The Difference Between Goodput vs Throughput and How to Maximize Your Bandwidth

The Difference Between Goodput vs Throughput
Aspera / IBM

The Difference Between Goodput vs Throughput and How to Maximize Your Bandwidth

Monitoring network performance is crucial for companies, especially when measuring data and monitoring delivery. Many companies think that increasing their bandwidth will help improve data delivery, however higher bandwidth does not mean an increase in file transfer speed. In fact, network throughput and goodput are what measure the actual speed data moves.  

The Difference Between Goodput vs Throughput

Throughput measures the rate at which messages and data arrive at their destination. It is used as a measure of the overall performance of a network. The average throughput tells a user how much data is being transferred from the desired source.

Similar to throughput, goodput is the rate at which useful data arrives at a destination. As long as the path between endpoints is uncongested, the throughput rate and goodput rate will be as close as they theoretically can be.

While throughput is the measurement of all data transferring (whether that be useful or not), goodput measures useful data only. Viewing throughput cannot distinguish the nature of data flowing through, but rather only what has gone past. This can include undesirable data like data retransmissions or overhead data like protocol headers.

What Can Affect a Throughput or Goodput Rate?

In the case of TCP, retransmissions occur because TCP data did not make it to its destination on time. This can waste the network bandwidth as the same link retransmits twice or more, also negatively affecting the goodput rate.

This can commonly occur during times of interface congestion. This means that a full interface has maximized its throughput, but likely not its goodput, due to limitations in the TCP protocol. The greater the onslaught of data congesting the interface, the larger the number of retransmission occuring.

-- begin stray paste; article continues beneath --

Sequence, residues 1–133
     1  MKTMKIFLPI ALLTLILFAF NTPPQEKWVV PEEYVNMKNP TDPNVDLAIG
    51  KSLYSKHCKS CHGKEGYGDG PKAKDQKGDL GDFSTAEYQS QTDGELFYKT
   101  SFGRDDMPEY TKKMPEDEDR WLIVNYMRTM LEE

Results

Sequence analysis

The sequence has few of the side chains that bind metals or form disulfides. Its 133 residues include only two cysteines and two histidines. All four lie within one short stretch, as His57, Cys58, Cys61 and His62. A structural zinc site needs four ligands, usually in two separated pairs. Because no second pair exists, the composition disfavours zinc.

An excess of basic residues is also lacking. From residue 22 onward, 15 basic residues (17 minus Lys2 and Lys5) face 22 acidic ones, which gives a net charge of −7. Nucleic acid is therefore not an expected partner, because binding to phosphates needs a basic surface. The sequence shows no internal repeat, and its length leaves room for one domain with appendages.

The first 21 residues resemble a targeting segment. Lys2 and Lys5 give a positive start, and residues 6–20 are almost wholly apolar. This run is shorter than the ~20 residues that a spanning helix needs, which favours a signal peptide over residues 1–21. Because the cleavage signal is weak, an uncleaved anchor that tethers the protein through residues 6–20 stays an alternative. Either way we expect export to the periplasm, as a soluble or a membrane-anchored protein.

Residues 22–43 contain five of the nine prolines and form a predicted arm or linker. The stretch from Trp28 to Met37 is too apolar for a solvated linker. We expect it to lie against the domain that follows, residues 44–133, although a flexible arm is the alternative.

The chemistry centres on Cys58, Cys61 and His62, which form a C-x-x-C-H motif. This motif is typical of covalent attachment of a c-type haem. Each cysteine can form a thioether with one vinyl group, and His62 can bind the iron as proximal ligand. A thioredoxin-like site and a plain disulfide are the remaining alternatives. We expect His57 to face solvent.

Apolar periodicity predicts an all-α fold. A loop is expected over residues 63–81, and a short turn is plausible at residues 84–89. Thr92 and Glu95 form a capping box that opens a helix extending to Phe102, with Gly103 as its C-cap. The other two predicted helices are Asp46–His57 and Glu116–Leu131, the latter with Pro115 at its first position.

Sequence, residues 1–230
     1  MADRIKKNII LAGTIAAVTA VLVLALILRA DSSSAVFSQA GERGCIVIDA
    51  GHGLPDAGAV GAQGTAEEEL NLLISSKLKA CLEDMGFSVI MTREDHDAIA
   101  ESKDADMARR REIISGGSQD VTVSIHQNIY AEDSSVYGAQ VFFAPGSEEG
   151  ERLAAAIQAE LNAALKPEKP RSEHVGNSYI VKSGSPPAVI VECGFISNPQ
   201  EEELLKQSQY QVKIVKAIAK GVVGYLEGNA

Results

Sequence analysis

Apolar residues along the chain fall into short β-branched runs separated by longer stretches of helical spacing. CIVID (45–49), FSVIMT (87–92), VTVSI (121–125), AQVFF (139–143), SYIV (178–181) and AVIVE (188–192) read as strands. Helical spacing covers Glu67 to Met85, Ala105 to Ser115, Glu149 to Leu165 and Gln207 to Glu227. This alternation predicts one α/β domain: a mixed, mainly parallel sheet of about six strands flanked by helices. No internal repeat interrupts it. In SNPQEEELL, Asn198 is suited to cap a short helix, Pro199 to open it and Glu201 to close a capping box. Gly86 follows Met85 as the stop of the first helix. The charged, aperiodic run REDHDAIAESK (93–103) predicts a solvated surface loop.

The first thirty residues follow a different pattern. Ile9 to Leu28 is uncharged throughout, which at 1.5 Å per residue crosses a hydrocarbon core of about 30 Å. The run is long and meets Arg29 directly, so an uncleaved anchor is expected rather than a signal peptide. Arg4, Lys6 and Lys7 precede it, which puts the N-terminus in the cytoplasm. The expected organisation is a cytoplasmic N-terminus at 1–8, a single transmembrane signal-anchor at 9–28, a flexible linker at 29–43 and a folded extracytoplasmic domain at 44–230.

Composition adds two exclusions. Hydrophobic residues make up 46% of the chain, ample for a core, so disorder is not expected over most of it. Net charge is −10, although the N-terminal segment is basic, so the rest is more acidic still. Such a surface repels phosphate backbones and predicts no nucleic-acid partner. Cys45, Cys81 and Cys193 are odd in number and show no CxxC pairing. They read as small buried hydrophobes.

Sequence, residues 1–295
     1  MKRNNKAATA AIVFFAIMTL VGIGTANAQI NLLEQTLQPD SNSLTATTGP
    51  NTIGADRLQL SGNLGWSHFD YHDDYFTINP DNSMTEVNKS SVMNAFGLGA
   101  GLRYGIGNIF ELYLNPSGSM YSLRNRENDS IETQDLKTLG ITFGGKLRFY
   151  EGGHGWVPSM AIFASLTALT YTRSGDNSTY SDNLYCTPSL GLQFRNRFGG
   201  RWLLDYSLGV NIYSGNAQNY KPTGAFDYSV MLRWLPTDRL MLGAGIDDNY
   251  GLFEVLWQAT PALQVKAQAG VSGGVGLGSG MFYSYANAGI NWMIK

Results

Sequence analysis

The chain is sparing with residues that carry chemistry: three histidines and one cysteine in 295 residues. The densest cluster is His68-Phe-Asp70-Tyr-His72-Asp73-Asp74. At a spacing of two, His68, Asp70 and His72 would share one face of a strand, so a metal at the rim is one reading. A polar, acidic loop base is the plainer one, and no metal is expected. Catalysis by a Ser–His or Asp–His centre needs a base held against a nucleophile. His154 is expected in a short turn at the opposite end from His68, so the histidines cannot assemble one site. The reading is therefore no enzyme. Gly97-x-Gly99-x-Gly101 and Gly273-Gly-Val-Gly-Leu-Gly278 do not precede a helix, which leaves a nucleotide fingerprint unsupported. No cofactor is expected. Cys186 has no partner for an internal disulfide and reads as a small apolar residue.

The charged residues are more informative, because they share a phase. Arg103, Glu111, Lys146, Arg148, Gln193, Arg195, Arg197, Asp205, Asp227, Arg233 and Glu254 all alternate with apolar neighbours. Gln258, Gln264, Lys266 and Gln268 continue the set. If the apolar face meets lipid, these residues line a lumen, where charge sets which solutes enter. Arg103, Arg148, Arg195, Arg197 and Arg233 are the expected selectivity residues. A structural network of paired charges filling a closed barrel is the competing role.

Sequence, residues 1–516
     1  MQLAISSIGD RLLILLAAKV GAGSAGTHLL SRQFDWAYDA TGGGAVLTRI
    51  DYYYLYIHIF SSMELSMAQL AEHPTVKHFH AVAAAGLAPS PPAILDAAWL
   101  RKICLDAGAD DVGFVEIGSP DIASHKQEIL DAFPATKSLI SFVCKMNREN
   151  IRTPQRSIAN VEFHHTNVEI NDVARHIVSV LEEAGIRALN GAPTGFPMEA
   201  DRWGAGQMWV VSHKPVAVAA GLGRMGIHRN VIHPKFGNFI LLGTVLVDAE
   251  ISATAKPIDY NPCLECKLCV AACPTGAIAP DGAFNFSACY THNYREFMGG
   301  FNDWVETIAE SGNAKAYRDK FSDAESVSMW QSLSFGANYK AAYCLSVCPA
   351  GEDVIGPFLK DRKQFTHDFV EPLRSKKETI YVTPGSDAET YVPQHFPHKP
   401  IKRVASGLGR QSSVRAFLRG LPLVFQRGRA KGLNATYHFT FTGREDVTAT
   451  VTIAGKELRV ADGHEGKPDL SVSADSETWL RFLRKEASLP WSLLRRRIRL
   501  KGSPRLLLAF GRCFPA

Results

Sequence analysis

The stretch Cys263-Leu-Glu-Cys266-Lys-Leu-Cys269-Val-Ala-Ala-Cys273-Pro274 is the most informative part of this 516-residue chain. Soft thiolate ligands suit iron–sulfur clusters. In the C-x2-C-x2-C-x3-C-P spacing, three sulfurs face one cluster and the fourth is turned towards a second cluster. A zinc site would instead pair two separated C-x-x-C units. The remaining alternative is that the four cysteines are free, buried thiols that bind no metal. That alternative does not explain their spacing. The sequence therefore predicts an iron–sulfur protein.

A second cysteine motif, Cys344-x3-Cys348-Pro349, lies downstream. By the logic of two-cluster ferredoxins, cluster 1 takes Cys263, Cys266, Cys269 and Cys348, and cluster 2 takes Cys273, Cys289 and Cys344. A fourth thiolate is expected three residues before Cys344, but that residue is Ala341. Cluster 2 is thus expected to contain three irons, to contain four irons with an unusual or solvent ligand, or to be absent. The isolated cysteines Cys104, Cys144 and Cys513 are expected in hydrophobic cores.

Protocol overhead (other data wrapped around application data) is also excluded from goodput, but included in throughput rates. 

How to Maximize Your Network Throughput

In order to take full advantage of your company’s available bandwidth to achieve good throughput rates, IBM Aspera fills the gaps left by TCP. Using their patented FASP technology, Aspera helps eliminate bottlenecks caused by TCP- or UDP-based file transfers and speeds up transfers over public and private IP networks.

FASP removes the artificial bottlenecks caused by imperfect congestion control algorithms, packet losses, and the coupling between reliability and congestion control. By eliminating these, it achieves full line speed on even the longest, fastest wide area networks. FASP fills the gap left by TCP for the transport of large, file-based data, making it possible to move massive amounts of digital data anywhere in the world.

Learn More About IBM Aspera with PacGenesis

With their award-winning FASP protocol, Aspera software fully utilizes existing infrastructure to deliver the fastest, most predictable file-transfer experience. If you find that your network bandwidth is being completely maximized yet your throughput rate is low, Aspera could be the solution for your business needs.
At PacGenesis, we have earned IBM’s trust to implement their solution as an IBM Gold Business Partner. We want to help you find the right solution for your organization. To ask questions about file transfer software or Aspera, please reach out to our team at (512) 766-8715.

To learn more about PacGenesis, follow @PacGenesis on Facebook, Twitter, and LinkedIn or visit us at


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